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Category: A Writer’s Life

This Pleasure of Music

This Pleasure of Music

This Pleasure of Music

I go to the well and drink
My soul quenched, my spirit at peace
As each note fills my senses,
I sit here absorbed in its beauty,
Oneness envelops me,
There is no negativity, I know only joy,
I wonder, why do I hesitate to enter this realm?
This garden, this forest, this world of light and serenity,
Silent I sit in wonderment as the music caresses me,
Relaxes the tension that once tighten me,
I am one, happy, as the melodious waves consume me
Filling my deepest inner recesses,
This world, this pleasure of music.

Strength

Strength

Strength

I search the embers for the home I knew,
For the life I once had,

There deep in the rumble lies my silver-plated music box,
A gift cherished, now destroyed,
Over there, yes, near that fallen cross beam
Is the meat tray from my mother’s china,
Even in the wet ashes the roses are still fresh,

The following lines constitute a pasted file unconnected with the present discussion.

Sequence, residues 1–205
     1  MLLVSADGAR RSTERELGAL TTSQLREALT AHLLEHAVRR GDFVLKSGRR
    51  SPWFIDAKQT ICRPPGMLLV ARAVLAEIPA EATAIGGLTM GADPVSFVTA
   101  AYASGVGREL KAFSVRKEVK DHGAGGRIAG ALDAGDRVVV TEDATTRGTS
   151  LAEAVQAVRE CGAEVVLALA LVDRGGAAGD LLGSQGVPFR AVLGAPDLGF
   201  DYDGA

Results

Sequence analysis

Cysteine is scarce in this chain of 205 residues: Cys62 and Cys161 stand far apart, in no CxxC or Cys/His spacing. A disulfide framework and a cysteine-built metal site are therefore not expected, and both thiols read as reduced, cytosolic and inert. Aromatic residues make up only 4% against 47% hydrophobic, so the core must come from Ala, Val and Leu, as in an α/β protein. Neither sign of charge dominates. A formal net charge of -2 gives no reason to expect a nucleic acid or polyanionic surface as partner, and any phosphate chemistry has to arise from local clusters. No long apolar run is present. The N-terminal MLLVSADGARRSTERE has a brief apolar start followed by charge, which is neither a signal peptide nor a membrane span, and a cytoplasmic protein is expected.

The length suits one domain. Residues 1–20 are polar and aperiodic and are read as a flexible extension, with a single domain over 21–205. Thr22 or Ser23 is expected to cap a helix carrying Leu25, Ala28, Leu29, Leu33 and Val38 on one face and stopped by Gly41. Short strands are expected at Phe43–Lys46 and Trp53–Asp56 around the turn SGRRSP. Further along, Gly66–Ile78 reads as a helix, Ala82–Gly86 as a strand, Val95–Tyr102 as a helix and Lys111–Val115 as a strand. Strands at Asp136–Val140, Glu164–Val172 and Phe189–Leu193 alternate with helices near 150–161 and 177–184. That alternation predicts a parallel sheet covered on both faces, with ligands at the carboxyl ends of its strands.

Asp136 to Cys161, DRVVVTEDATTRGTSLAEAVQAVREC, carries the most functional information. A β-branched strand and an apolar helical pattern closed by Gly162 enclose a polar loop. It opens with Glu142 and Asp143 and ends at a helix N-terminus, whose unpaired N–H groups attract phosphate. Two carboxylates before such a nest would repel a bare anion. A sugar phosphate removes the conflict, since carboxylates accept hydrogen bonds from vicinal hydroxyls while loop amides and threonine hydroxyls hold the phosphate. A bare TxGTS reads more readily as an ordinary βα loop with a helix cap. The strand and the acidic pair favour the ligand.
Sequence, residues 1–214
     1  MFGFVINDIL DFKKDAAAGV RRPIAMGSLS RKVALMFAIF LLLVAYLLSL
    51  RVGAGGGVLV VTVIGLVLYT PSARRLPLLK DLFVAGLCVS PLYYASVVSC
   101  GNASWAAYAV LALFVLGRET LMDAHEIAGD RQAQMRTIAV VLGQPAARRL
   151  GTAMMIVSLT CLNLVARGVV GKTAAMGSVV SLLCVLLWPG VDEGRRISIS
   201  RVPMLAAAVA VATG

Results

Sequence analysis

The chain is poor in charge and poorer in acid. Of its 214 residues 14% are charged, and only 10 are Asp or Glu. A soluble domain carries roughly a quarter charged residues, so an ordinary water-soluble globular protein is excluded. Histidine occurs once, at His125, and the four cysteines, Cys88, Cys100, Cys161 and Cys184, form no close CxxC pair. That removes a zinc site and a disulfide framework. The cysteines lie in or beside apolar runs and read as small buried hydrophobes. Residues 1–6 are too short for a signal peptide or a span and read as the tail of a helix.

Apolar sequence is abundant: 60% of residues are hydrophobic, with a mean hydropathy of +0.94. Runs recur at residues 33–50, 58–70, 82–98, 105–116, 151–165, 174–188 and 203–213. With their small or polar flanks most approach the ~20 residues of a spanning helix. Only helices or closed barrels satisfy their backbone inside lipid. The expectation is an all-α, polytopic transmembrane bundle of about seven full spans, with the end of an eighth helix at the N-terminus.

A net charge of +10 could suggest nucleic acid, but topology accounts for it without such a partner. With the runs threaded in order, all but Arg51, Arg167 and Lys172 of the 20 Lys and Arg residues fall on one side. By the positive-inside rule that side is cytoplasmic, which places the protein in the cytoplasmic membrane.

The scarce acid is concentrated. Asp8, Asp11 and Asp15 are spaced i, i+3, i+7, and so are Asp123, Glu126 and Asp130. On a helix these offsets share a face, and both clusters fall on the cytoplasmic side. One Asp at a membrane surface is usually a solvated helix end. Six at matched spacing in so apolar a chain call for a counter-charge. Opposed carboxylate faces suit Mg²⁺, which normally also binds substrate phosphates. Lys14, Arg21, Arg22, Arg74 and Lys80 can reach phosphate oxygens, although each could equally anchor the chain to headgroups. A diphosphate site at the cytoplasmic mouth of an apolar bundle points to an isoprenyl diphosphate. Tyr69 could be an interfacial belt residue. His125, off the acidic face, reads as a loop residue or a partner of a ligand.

Too bad the platter is broken,

That’s the story of my life, I am alive
But my memories are gone,
Burned away in the still of a cold, dark night,

“Oh, what’s the use,” I say to myself, if only
I had been consumed in the fire with that antique sofa,
My favorite place to lay reading a cherished book,
Now gone, all gone… And I must start over?
I’m 83 years old, how am I supposed to start over?

Across the wreckage the sun is rising in the east
Just it always has,
That old dependable sun giving me another morning,
A new day,

As its first golden rays creep across the dark ash
They catch a reflection, a burst of brightness,
There in the depth of black soot I dig,

It’s a picture, an old photo of a man’s smiling face,
The man I once called my own, he had always
Stood by me, holding me, supporting me,

And with that frame held to my breast, I knew,
Together, I had the strength to go one.

A Leap of Faith

A Leap of Faith

A Leap of Faith

I am standing on the edge, a precipice,
My world spread out before me, a vast, open canyon,
Do I take a step, perhaps a leap, of faith?

Or do I step back, away from the edge
And move to safer, more familiar ground?